Food in Bosnia and Herzegovina
January 4, 2008
When you travel to Bosnia and Herzegovina, be sure that you enjoy traditional dishes. Food in Bosnia and Herzegovina puts a spin on Balkan entrees and has a little something for every traveler, whether you love a good steak or you’re strictly veggie.
Bosnian food can be rich, but not in an unhealthy or unappetizing way. Fresh ingredients and whole foods make meals from Bosnia and Herzegovina totally appealing.
Start your day with a simple breakfast. The usual morning meal is a kwizija, or hearty meal. Stock up on a variety of small courses that include scrambled eggs and bread with a spread like jam, butter, and honey. Drink a strong, traditional coffee with a dash sweet sugar, or a cup of black tea. The feature of the breakfast is a soft white cheese straight from the farms in Bosnia and Herzegovina’s countryside.
If you like meat and potato courses, you’ll be thrilled with the options you will find for entree selections in Bosnia and Herzegovina. Lunch is generally the largest meal of the day, so find the most intriguing restaurant in town and indulge!
Try dishes like the Bosnian bosanki lonac, a slow-roasted pot of meat and vegetables, or japrak, made up of cabbage rolls stuffed with a savory filling. If you are traveling in Mostar, try the trout, which is a specialty to the area. A buttery, flaky texture awaits, and is one option for someone who loves fish.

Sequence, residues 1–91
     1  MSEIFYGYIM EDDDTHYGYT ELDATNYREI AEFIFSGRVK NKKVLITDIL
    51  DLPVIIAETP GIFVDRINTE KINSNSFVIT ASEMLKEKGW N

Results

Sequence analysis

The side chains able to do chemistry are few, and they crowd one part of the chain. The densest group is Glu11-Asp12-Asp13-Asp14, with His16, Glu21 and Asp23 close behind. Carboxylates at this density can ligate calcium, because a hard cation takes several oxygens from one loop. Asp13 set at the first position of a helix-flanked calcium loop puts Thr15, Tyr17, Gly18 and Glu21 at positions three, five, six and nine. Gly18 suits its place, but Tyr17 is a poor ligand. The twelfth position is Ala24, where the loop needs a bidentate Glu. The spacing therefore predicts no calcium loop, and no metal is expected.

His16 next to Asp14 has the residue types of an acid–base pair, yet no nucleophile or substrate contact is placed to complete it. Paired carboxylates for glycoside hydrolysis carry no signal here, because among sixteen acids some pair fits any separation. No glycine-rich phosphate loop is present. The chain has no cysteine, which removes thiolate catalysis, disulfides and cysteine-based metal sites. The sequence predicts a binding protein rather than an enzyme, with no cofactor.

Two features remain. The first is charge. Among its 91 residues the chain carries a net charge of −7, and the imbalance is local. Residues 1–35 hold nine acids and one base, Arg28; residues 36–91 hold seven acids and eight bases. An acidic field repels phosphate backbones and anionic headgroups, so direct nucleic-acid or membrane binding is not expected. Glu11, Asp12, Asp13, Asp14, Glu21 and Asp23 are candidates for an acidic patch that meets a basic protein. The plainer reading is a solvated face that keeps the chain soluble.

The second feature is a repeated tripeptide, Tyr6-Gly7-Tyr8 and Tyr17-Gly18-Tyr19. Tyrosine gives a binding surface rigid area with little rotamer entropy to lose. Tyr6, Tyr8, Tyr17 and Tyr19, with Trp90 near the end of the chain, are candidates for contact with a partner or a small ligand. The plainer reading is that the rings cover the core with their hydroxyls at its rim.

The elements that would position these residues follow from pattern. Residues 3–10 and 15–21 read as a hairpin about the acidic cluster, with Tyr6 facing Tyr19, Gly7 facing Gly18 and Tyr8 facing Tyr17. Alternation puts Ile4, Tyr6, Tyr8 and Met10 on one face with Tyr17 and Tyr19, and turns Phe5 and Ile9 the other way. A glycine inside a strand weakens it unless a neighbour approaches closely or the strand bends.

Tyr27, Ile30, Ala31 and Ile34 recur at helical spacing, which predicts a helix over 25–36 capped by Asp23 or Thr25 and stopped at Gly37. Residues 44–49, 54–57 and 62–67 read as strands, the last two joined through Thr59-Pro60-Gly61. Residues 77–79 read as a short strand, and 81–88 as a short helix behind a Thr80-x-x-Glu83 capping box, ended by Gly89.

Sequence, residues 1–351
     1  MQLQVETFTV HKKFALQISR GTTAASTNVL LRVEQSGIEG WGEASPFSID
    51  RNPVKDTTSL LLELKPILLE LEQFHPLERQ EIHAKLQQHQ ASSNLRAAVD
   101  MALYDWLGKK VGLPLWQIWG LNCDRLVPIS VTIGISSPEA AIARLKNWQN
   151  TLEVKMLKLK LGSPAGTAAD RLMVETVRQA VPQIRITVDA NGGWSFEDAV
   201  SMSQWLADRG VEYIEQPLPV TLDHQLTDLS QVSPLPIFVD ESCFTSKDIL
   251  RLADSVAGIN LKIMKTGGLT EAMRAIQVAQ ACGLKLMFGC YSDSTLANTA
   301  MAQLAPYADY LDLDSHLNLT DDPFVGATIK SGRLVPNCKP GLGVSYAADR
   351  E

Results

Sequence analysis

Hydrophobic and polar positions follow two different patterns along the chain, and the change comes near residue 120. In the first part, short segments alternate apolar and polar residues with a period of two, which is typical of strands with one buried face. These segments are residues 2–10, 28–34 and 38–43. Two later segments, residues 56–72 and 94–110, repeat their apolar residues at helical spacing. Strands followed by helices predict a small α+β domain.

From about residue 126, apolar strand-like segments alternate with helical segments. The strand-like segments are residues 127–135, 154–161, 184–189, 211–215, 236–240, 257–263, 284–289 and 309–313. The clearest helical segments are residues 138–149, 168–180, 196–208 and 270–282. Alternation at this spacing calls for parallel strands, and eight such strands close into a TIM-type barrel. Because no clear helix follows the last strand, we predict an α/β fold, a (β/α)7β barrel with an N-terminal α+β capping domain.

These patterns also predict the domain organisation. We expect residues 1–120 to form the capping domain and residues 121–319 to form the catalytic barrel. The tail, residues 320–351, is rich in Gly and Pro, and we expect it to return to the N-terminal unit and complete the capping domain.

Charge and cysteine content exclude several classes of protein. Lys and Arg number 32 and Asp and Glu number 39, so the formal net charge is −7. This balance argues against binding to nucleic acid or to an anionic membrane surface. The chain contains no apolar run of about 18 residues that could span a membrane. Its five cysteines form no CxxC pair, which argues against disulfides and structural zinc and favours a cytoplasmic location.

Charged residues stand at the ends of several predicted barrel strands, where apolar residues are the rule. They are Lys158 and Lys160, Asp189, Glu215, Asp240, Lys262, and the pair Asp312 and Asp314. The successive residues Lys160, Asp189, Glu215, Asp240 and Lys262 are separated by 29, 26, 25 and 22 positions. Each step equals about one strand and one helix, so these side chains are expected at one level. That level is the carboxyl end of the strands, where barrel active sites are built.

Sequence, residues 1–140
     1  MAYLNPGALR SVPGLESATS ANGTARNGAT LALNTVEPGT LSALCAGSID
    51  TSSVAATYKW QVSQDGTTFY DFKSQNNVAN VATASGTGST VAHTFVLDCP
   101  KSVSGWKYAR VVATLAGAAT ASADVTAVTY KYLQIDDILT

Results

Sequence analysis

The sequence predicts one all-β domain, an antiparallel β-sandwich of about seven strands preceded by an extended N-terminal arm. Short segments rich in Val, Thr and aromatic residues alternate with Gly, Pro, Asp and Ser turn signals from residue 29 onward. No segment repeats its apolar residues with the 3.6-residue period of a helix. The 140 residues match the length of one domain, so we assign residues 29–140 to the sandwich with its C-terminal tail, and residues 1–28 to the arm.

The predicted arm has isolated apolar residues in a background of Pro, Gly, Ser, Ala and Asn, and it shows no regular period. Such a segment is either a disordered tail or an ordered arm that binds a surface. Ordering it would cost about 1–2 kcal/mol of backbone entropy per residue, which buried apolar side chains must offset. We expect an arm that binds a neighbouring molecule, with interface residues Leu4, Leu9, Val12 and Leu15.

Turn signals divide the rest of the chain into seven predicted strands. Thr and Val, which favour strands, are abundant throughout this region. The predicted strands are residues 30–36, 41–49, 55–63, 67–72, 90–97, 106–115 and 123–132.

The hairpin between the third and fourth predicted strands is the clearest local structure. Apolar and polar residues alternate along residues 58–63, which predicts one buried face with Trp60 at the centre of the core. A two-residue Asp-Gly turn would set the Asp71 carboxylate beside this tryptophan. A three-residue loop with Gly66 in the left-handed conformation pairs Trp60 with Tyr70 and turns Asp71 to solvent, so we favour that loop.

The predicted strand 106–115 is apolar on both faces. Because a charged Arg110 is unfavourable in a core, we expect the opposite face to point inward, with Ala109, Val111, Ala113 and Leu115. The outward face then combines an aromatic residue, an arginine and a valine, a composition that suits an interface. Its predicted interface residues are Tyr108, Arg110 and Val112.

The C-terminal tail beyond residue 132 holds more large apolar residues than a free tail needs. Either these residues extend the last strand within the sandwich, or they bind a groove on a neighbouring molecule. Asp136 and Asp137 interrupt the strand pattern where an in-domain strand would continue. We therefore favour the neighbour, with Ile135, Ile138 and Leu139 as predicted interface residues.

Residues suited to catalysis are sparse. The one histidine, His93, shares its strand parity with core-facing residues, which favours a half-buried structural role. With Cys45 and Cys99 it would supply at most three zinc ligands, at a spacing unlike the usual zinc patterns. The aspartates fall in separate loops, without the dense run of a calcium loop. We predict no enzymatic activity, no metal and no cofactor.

Dinner in Bosnia and Herzegovina is generally light. You’ll probably have it after 8:00 p.m., and for Americans and the British, this may seem quite late. Pack a snack of some Bosnian sweets to tide you over, like a tiny square of baklava, normally reserved for special occasions amongst Bosnians.
If you take advantage of Bosnia and Herzegovina’s surprisingly lively nightlife, try the Bosnian fast food called when you’re out late. This food may be fast but is actually quite traditional, dating back nearly 400 years! Your Bosnian cevaps, as they are nicknamed, will be made up of small sausages and chopped onions, folded in a pita bread called somun.
Locally-produced wines and brandies spoil any connoisseur for choice. Sample the rakija, which is available in lots of fruit flavors like plum and grape.
Besides the famous baklava, desserts often have fresh fruit and cream as main ingredients. Try the tufahijia, which is a delicious dessert dish made from apples filled with walnuts, and then topped with a rich layer of whipped cream. If you are partial to pudding, have the krempita, with a creamy, soft flavor similar to cheesecake. If you have room, you’ll want to try this delicious Bosnian food.
What makes Bosnian food even better is the overwhelming sense of hospitality and warmth. You’ll be offered cookies, cakes, sweets, coffee, meat platters, and cheese samplers, and once you start sampling, you won’t be able to stop. Just be sure to save room for the main course!